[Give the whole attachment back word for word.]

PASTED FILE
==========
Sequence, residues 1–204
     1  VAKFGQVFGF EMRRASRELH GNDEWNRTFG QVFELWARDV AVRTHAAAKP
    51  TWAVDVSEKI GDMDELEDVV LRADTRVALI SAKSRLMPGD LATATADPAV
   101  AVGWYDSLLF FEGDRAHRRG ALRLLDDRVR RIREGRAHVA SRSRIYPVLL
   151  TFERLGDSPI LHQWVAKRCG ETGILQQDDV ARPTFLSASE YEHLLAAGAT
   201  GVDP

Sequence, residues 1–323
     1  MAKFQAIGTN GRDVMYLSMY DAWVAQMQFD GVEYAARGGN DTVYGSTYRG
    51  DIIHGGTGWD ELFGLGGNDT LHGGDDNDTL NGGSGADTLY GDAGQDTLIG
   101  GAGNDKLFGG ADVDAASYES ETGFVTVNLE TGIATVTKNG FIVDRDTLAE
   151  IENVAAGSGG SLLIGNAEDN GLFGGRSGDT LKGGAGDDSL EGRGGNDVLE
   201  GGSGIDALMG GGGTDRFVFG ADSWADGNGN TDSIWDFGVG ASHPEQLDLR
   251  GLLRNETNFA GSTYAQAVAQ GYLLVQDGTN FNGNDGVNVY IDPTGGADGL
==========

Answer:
Sequence, residues 1–204
     1  VAKFGQVFGF EMRRASRELH GNDEWNRTFG QVFELWARDV AVRTHAAAKP
    51  TWAVDVSEKI GDMDELEDVV LRADTRVALI SAKSRLMPGD LATATADPAV
   101  AVGWYDSLLF FEGDRAHRRG ALRLLDDRVR RIREGRAHVA SRSRIYPVLL
   151  TFERLGDSPI LHQWVAKRCG ETGILQQDDV ARPTFLSASE YEHLLAAGAT
   201  GVDP

Sequence, residues 1–323
     1  MAKFQAIGTN GRDVMYLSMY DAWVAQMQFD GVEYAARGGN DTVYGSTYRG
    51  DIIHGGTGWD ELFGLGGNDT LHGGDDNDTL NGGSGADTLY GDAGQDTLIG
   101  GAGNDKLFGG ADVDAASYES ETGFVTVNLE TGIATVTKNG FIVDRDTLAE
   151  IENVAAGSGG SLLIGNAEDN GLFGGRSGDT LKGGAGDDSL EGRGGNDVLE
   201  GGSGIDALMG GGGTDRFVFG ADSWADGNGN TDSIWDFGVG ASHPEQLDLR
   251  GLLRNETNFA GSTYAQAVAQ GYLLVQDGTN FNGNDGVNVY IDPTGGADGL